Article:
51 Iraq The Iraq war: there are a variety of reasons given for the start of the war, but that is of little consequence to the project as a whole For this part of the project, I will focus on the sectarian conflict that engulfed the country in the spring of 2004 Along with that, I will focus on the United States and their loss of direction during the initial invasion and directly after the capture of former President Saddam Hussein Along with that, I will take a look at the new uses of weapons by the insurgents and their effects on us and coalition forces

52 Iraq It is important for an military unit to have direction and a mission Within the military it is called the commander’s intent The commander in chief of the United States military is the President of the United States The president during the initnal inviasion was George W. Bush

53 Iraq President Bush is quoted as saying that our mission was to “capture Sadam and bring him to justice.” However, after he was captured, many soldiers felt that the mission was complete and that they should go home The Capture

54 Iraq That was not going to be the actuality of the issue It seemed that the United States Military was going to stay for the near future. This presented an issue because it was not just regular soldiers that didn’t know their mission That presented a problem because the officers didn’t know what was happening- how were the regular soldiers to know what to do

55 Iraq Shortly after the capture and execution of former president Saddam Hussein, the Iraqi insurgency was on the rise It began during 2003 during the initial invasion before the formation of the new government Between 2004 and May of 2007 the insurgents specifically attacked the collation forces From 2007 the insurgents began attacking the security forces

56 Iraq The acts were similar to other types of guerrilla warfare that have been seen throughout history They use traditional ambushes and massed attacks along with things such as car bombs, kidnappings, hostage-taking, and shootings These attacks were not just an attempt to kill soldiers; they were trying to break the will of the American people

57 Iraq & I.E.D.’s This war as brought to light a new and terrifying weapon: the I.E.D. An I.E.D. is a roadside bomb that that is homemade and deployed in ways other than conventional military action It can be made from a variety of things that can be as simple as an artillery round with a detonating mechanism

58 Iraq & I.E.D’s The I.E.D.’s that were deployed in Iraqi were responsible for more than 60% of all coalition deaths in Iraqi. There are many common places that I.E.D’s are found, such as the side of the road, hidden in animal carcasses and trash.

59 Iraq & I.E.D’s Typically, they explode underneath or to the side of the vehicle to cause the maximum amount of damage; however, as vehicle armor was improved on military vehicles, insurgents began placing I.E.D.’s in elevated positions such as on road signs, utility poles, or trees, in order to hit less protected areasvehicle armorroad signstrees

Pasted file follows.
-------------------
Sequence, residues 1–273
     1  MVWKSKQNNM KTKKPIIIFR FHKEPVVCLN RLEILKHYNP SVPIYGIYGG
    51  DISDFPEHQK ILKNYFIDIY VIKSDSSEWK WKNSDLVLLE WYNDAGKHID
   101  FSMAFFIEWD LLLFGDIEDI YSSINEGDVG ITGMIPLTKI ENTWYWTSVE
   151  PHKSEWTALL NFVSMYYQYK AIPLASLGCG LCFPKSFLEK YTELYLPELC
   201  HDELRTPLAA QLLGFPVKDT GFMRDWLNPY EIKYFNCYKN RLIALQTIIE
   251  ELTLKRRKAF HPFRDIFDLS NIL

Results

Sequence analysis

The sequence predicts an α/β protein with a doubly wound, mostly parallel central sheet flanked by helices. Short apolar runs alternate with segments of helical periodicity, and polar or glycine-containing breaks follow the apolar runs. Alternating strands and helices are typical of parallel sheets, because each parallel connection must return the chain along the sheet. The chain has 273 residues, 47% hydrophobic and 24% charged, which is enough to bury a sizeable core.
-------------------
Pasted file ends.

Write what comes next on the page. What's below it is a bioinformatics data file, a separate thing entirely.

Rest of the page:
60 Iraq & I.E.D’s

61 This weapon has a dual effect: it is meant to not only kill soldiers but also to break their morale This is the same strategy that the Vietcong chose during the Vietnam War: beat them at home rather than beating them on the battlefield

62 Threats Posed By Insurgency Insurgency poses many different threats to the United State interests, foreign and domestic Insurgency poses a threat to foreign interests because it eventually leads to the destabilization of the region It poses much the same threat to domestic interests, but within the United States

63 Threats Posed By Insurgency The main factor to consider when going over the threat to United States military interest abroad: the destabilization of regions that are of vital interest to US interests The next factor to consider: if the destabilization in certain regions occurs and they posess NBC materials, they could get into the hand of the insurgents such as in Afghanistan after the Soviet Invasion and during the Yemen conflicts ih the 1990s

64 Threats Posed By Insurgency They provide a potential safe haven for insurgents to launch future attacks against the United States on American soil It is important to understand that the United States Forces, prior to our current wars, were trained to fight traditional full scale conflicts

65 Threats Posed By Insurgency The threats that are posed to domestic America are far greater than that aboard The prospect of another attack on American soil is a daunting one This image is what would happen if a small scale dirty bomb was detonated and how far it would travel

66 Threats Posed By Insurgency If a dirty bomb was detonated within a major U.S. city, initial costs are estimated as follows: The initial blast would cause damage within 4 sq km initially and the radiation cloud can travel up to 150 miles away depending upon the prevailing wind The initial rush on medical facilities is estimated to cost around 23 billion dollars and then an additional 8.7 billion for after effects and clean up

67 Threats Posed By Insurgency Cancer would be another aftereffect of the dirty bomb People around the initial base site would began to get cancer People within 200 to 500 meters of the initial blast site would have a 1 in 7 chance of cancer

68 Plan to Deal with Current and Future Insurgencies


Download ppt "The Impact of Insurgency on American Interests, Foreign and Abroad Michael Piscetelli."

Similar presentations

Ads by Google